Biography: Hovanesian is a faculty member at the UCLA Jules Stein Eye Institute and in private practice at Harvard Eye Associates in Laguna Hills, California.
August 19, 2019
3 min read

BLOG: Why do we treat patients like camels?

Biography: Hovanesian is a faculty member at the UCLA Jules Stein Eye Institute and in private practice at Harvard Eye Associates in Laguna Hills, California.
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There’s an old expression, “Nobody cares what his camel thinks till it dies in the middle of the Sahara.” Uncomplaining, a camel is supposed to deliver its passenger to the next oasis with little food, water or attention. But wouldn’t a savvy nomad invest a little effort in making sure his camel was at least healthy, if not happy? As doctors, how often do we prescribe medications to patients, treating them like a camel and expecting them to endure a long journey of compliance while spending little or no effort to assess their well-being along the way? With glaucoma medications, we care mostly about adherence to the regimen and pressure-lowering efficacy, often labeling as “noncompliant” the patient who doesn’t follow our directions. Instead of actively eliciting patient feedback on their drops, we assume “no news is good news,” and like many primary care physicians, we underestimate how often topical therapy can cause very real systemic side effects.

Why are we so callous? For most who treat large numbers of glaucoma patients, it’s simply too time consuming to query every patient about their experience, probing the possible pitfalls of the specific drugs he or she takes and listening to stories of aches and pains that are most likely unrelated. It’s easier to move on to the next patient.

What’s the consequence of not asking? Recently, my glaucoma specialist partner, Sev Teymoorian, saw a patient named Paul who has taken timolol 0.5% drops for the past 6 years, maintaining excellent pressure control. What my partner didn’t know was that 5 years ago, Paul was also prescribed an antidepressant because he had lost the will to get out of bed and go for his morning walk with his wife. He stopped gardening and had put on weight. He felt sad most of the time. Paul never reported his timolol to his primary care physician, and he never told my partner about his depression. He quietly endured a 5-year journey of darkness as every faithful camel should.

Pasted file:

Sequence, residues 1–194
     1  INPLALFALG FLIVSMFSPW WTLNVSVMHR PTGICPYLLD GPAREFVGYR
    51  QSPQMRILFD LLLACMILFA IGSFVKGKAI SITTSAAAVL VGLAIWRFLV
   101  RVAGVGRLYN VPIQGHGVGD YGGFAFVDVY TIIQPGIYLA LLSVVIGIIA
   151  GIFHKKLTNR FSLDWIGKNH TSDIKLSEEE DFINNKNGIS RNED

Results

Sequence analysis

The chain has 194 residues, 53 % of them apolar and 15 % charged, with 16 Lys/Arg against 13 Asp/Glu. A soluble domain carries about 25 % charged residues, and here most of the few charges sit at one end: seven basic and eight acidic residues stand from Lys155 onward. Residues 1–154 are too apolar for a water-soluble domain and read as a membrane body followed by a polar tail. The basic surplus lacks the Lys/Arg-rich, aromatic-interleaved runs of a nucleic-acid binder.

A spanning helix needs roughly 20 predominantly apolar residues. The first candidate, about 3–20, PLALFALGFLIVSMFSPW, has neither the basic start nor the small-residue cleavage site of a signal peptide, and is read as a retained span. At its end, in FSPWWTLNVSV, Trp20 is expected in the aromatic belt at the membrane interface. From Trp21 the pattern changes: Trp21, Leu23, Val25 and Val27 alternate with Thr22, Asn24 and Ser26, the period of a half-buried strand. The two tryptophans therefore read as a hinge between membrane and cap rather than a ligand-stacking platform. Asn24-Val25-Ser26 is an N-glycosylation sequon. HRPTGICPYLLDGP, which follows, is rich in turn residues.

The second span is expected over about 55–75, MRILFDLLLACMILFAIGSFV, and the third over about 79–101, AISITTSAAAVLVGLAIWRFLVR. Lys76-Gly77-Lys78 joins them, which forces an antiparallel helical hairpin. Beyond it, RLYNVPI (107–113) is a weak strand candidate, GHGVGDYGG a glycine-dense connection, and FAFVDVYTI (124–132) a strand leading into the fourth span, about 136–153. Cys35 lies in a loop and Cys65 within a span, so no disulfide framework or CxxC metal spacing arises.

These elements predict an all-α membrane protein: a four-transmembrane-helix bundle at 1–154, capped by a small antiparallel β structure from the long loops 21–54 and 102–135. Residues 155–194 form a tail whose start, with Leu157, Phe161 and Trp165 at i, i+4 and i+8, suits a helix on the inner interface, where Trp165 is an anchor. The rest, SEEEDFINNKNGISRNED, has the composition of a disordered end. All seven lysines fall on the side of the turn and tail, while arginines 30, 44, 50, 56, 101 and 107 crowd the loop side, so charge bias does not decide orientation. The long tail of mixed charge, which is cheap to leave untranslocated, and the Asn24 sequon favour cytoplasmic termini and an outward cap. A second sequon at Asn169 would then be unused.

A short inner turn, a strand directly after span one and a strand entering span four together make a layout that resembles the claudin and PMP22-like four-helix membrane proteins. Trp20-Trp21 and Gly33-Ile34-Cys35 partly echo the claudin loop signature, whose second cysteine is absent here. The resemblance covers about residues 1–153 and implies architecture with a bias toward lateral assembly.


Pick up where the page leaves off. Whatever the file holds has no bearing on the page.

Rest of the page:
Paul’s depression and its relationship to timolol was discovered by a questionnaire routinely administered by MDbackline, a cloud-based software that interfaces with EHR and automatically queries patients who take glaucoma drops about their satisfaction with treatment, side effects, compliance, cost at the pharmacy and interest in surgical options. It instructs patients in the proper way to take drops and offers learning material on surgical options like selective laser trabeculoplasty and MIGS.

Patient responses from MDbackline’s glaucoma module are categorized with a green, yellow or red flag, according to how well the patient is doing, and staff members can review and file most of them with a single click that is documented in EHR. Naturally, the care of the few patients with red flags, like Paul, are escalated and managed appropriately.

With data now on thousands of glaucoma patients’ responses, we’ve learned many lessons about what our patients think. On a recent review of 1,200 patients by my fabulous summer intern, CJ Writer, overall, 93% are satisfied with their treatment, with latanoprost and timolol correlated with the highest patient satisfaction. Cost was a leading driver of satisfaction, with the generic drops latanoprost, timolol and timolol/dorzolamide being least expensive. Another patient favorite was the perception that a bottle of drops contained enough drug to easily last a month. Side effect frequency was another, although curiously timolol had more patients reporting zero side effects than almost any other drug. This means that either timolol patients in this population (suburban, white) don’t experience as much beta-blocker side effects as we thought or maybe they’re not bothered by them.

There are dozens of other learnings in our glaucoma patient-reported data, and CJ, Sev and I will be publishing them in the near future. Meanwhile, we are learning to act more like doctors than like uneducated desert nomads. We are discovering more patients like Paul, who needs and deserves our extra effort to find treatments that control his disease while respecting his life.


Disclosure: Hovanesian reports he works as a consultant with a number of companies that produce eye drops for glaucoma and is the founder of MDbackline Inc.